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Organophosphonates: occurrence, synthesis and biodegradation by microorganisms

Biomedical Sciences Research Institute Computer Science Research Institute Environmental Sciences Research Institute Nanotechnology & Advanced Materials Research Institute

Ternan, Nigel, McGrath, JW, McMullan, Geoffrey and Quinn, JP (1998) Organophosphonates: occurrence, synthesis and biodegradation by microorganisms. WORLD JOURNAL OF MICROBIOLOGY & BIOTECHNOLOGY, 14 (5). pp. 635-647. [Journal article]

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URL: http://www.springerlink.com/content/m2v25346742q887v/

DOI: 10.1023/A:1008848401799

Abstract

The organophosphonates are biogenic and xenobiotic compounds characterized by the presence of a stable carbon to phosphorus (C-P) bond. The C-P bond imparts upon these molecules a relative resistance to (bio)degradation and fears have been expressed over their environmental recalcitrance and possible ecotoxicity, as more than 20 x 10(3) tonnes of these compounds enter the environment annually in the U.S.A. and western Europe alone (Egli, 1988). Biodegradation of organophosphonates is generally accepted to be dependent upon the phosphate status of the cell, with biodegradation occurring only under conditions of phosphate limitation. In recent years, however, several novel bacteria capable of completely mineralizing both natural and man-made organophosphonates have been isolated. These organisms represent a departure, both at a physiological and genetic level, from the accepted consensus that organophosphonates are utilized only phosphorus sources. This review covers all aspects of our knowledge of organophosphonate metabolism over the last 50 years, concentrating on the advances made in the last 10 years.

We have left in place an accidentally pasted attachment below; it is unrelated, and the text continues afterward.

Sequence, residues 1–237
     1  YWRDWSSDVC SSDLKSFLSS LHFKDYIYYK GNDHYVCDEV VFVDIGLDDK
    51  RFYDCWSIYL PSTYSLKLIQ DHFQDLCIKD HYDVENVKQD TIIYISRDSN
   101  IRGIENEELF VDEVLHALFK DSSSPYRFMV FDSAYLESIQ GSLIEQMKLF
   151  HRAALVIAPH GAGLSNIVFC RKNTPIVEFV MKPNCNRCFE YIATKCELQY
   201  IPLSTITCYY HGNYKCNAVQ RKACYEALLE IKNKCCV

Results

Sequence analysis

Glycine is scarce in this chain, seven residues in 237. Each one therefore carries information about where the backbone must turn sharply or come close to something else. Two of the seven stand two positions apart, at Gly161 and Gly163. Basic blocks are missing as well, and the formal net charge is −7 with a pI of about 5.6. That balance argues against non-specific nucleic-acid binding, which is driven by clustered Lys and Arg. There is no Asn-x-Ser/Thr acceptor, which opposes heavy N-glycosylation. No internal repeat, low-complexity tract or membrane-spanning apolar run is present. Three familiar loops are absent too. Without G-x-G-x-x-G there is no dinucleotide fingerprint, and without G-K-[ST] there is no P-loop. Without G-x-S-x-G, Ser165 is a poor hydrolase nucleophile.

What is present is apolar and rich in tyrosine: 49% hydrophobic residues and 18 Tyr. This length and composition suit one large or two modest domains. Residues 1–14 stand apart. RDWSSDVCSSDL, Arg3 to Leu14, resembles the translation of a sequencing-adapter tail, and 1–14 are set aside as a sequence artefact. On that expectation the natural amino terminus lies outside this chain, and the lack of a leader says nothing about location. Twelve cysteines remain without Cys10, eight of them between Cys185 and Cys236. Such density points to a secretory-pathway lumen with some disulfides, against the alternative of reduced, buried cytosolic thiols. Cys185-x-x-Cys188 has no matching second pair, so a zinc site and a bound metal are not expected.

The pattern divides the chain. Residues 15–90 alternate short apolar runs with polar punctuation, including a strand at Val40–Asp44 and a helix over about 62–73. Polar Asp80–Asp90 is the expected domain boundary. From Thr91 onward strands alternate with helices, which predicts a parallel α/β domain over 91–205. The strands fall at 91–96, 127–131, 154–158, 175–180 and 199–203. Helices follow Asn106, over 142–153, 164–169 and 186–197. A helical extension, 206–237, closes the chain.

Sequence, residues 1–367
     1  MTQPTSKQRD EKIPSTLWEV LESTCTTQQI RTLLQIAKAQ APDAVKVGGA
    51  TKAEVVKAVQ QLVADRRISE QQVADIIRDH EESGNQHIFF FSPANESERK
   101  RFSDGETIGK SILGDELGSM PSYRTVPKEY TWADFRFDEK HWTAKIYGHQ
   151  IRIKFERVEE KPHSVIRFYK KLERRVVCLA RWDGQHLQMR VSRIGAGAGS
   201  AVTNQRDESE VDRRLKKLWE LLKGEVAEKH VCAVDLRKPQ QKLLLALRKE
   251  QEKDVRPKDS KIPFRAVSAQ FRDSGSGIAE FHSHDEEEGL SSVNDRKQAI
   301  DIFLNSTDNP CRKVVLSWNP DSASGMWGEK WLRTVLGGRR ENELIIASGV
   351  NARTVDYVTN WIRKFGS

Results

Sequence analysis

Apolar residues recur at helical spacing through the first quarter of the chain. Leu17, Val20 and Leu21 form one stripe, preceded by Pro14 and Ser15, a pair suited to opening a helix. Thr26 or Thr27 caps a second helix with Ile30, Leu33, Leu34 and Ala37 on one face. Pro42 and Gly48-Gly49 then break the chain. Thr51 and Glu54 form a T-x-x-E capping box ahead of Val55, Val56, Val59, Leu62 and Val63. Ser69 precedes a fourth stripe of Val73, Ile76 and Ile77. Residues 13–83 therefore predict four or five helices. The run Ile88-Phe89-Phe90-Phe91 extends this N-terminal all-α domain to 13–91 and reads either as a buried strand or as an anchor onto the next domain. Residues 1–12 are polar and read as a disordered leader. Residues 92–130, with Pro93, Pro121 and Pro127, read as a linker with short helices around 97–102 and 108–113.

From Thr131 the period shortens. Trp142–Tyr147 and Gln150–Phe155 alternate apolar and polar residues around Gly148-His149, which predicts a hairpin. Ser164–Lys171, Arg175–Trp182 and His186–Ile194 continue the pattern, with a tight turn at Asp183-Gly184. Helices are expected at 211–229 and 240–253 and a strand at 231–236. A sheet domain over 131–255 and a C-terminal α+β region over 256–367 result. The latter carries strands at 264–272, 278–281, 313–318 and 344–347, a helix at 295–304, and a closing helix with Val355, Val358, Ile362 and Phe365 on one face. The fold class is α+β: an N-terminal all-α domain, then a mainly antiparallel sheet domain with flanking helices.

Item Type:Journal article
Faculties and Schools:Faculty of Life and Health Sciences
Faculty of Life and Health Sciences > School of Biomedical Sciences
Research Institutes and Groups:Biomedical Sciences Research Institute
Biomedical Sciences Research Institute > Northern Ireland Centre for Food and Health (NICHE)
ID Code:3689
Deposited By:Dr Nigel Ternan
Deposited On:17 Dec 2009 14:17
Last Modified:16 May 2012 15:20

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